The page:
Then the Land Transportation Office had its first female chief in the person of Assistant Secretary Virginia Torres, it was a tumultuous period, to say the least.
Cash rich LTO which is under the DOTC, was racked with rumors of deals disadvantageous to government and it seemed that mighty supplier would be staying put under the soft-spoken, demure Virgie whose headbands matched her pastel outfits.
She was therefore an easy target for a massive demolition job by her detractors and some suppliers who deemed it necessary to get her out of the powerful post. But they did not reckon with the tenacity of the lady chief who stood pat on her goal to follow the “matuwid na daan” thrust of her provincemate from Tarlac, then newly-elected P-Noy.
She was not a “kaklase” (classmate) but simply a trusted friend and yes, she was an occasional “Kabarilan” ( she is a sharp-shooter like P-Noy, a hobby she picked up from her father who was a close friend of Senator Ninoy Aquino ) and she rose from the lowest ranks of the LTO to her top post today.
Torres recalls how she started as a casual employee, a “go-fer”” (go for coffee, go for this and that) for her bosses, to clerk and up the ranks through hard work and honesty. She learned fast and soon found herself head of the Tarlac City LTO. Her track performance there earned her the attention of then Congressman Noy and when it came to choosing a new LTO chief, she was “it.”
Now she tells her co-workers in the LTO to do their best no matter how menial their present jobs are.
“I always tell them, look at me, who would have thought I would rise above all the hardships I went through? But I did and now I would like to do my utmost to have an LTO we can all be proud of.”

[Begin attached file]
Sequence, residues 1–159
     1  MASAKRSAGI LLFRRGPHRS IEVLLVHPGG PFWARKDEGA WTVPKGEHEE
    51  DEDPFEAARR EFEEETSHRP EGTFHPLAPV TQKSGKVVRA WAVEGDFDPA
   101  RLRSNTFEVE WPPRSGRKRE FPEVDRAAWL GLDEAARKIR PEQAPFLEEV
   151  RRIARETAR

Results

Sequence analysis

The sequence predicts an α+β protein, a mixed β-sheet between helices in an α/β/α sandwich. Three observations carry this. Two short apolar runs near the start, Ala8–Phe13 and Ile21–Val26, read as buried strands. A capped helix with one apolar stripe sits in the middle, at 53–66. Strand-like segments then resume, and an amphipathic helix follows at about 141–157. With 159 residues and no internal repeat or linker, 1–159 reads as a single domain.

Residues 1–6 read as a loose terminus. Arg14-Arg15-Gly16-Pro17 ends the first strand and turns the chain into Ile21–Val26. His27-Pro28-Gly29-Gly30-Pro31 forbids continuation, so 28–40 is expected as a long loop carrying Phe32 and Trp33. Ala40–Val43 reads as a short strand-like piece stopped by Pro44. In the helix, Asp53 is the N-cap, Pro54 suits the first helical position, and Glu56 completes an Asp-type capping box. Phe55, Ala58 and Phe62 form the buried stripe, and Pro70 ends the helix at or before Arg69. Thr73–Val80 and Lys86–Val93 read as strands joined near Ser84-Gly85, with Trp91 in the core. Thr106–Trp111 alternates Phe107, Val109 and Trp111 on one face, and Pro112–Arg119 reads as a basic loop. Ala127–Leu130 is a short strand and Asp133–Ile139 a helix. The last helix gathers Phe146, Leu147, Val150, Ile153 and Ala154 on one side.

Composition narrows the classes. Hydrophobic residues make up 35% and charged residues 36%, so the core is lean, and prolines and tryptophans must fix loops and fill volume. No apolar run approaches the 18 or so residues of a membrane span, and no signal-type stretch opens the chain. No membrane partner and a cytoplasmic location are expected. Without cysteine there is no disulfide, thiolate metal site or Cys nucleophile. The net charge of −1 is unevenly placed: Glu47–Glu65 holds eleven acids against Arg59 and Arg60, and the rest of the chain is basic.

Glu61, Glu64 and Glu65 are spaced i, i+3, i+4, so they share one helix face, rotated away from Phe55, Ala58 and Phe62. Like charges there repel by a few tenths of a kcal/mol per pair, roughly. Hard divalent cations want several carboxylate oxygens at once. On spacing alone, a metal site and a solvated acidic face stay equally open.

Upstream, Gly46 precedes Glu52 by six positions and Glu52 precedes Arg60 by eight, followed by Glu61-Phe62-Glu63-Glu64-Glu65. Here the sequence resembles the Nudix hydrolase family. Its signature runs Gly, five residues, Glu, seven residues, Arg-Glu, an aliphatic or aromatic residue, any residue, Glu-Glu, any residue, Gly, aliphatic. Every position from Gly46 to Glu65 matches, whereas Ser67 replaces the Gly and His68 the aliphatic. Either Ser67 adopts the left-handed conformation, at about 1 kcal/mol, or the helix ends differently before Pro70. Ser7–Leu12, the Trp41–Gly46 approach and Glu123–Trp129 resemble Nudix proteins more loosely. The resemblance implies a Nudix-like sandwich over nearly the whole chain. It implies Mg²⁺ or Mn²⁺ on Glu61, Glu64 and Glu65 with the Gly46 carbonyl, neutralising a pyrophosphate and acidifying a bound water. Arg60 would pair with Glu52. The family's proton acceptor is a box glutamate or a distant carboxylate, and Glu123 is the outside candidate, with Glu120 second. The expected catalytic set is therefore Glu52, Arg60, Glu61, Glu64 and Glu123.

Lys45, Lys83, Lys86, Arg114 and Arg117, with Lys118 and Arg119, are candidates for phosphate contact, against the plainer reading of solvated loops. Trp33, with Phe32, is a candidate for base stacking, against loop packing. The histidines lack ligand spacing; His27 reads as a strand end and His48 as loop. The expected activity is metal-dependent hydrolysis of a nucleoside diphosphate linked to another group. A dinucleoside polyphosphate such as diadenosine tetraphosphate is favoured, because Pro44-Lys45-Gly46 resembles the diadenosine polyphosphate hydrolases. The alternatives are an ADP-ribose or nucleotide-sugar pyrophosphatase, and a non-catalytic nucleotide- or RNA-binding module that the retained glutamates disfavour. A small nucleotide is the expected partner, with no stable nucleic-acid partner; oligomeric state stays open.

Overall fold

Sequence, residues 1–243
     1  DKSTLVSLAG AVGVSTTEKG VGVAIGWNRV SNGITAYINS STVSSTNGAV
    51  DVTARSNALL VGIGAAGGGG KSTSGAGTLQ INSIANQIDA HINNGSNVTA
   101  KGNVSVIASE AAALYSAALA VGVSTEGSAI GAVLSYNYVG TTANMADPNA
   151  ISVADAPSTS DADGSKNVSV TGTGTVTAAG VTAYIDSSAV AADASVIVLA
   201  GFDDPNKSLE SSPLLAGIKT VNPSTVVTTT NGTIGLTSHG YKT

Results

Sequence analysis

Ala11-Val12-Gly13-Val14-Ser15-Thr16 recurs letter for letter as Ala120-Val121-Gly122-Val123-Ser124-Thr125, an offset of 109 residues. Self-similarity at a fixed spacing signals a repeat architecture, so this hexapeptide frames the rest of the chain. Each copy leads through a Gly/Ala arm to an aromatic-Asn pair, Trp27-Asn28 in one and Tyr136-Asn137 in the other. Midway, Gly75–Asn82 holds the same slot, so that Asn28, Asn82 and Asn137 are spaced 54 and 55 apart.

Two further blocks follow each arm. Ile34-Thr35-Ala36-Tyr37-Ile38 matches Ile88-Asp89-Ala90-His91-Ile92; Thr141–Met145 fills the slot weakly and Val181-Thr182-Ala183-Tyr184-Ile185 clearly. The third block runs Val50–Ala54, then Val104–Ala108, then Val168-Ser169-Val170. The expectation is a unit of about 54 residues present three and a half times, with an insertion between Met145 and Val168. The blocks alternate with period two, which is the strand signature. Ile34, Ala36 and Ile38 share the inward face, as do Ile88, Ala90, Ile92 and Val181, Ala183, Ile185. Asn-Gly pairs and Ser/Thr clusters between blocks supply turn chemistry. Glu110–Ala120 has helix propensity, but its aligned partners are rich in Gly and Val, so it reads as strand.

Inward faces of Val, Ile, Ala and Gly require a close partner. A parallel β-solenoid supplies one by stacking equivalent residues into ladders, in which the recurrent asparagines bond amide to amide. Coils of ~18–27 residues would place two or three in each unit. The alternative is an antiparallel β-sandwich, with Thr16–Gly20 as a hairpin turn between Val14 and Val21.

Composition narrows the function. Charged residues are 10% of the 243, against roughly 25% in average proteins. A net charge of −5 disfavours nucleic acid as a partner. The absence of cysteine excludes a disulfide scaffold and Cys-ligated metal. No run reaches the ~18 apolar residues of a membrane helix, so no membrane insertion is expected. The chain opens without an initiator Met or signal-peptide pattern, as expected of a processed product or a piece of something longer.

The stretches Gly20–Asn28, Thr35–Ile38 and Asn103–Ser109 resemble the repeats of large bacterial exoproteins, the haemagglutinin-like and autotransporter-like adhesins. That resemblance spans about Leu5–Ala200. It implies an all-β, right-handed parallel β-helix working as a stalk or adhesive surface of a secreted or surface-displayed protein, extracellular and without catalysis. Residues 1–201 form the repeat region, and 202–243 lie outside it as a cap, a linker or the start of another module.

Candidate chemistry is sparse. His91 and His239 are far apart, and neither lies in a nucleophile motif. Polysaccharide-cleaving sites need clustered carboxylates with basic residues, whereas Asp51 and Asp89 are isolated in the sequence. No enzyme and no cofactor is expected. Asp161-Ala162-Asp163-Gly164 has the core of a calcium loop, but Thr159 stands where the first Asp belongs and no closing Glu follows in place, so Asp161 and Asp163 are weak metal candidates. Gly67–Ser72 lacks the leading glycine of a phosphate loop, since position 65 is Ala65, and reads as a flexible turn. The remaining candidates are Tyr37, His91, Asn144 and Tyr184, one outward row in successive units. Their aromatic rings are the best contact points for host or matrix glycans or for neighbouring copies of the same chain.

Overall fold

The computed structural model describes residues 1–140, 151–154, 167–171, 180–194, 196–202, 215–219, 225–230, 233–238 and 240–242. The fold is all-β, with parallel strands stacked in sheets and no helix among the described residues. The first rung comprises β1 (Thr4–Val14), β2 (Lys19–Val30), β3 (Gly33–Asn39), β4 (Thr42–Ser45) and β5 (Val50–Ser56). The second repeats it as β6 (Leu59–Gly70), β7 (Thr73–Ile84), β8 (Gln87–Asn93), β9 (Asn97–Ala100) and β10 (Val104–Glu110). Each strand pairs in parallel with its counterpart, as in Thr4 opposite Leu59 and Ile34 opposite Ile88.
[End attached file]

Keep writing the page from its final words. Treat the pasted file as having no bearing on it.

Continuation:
Torres had to endure months of vilification on her clean-up campaign and her firm stand against long-entrenched suppliers short-changing the government; but she has emerged stronger in her determination to service the public better and more efficiently. She had no compunction returning the defective license plates delivered to them and now the advent of new-technology, simpler, but tamper-proof plates will be available to the impatient motorists.
LTO is also now on an earnest drive to implement its rules and regulations for the safety of motorists aside from streamlining its services and making them more efficient.
Take the strict implementation of the standard helmets for motorcycle riders and passengers. LTO has swooped down on stores selling “toy” helmets with fake quality seals on them (the store owners peel them off Christmas lights packages and stick them on the helmets). And now, it is mandatory for all vehicles on the streets to have their own pair of reflectorized Early Warning Devices (EWDs) for their own safety and that of oncoming motorists. LTO is in no joking mood and will implement these safety measures, Torres said.
She also appealed to everyone to refrain from dealing with “fixers” in all LTO offices throughout the country.
“We have clear and simple signs how to get your licenses, new or simply renewed. No one needs a ‘fixer’ anymore!” Asec Virgie stressed at our Bulong Pulungan media forum at the Sofitel last Tuesday. Having gone through the ranks, nothing escapes her in the daily operations of the agency and if you want her to lose her cool, report an anomaly in the services of her office. She will take immediate action and see the case to the end. And woe to the erring employee or official!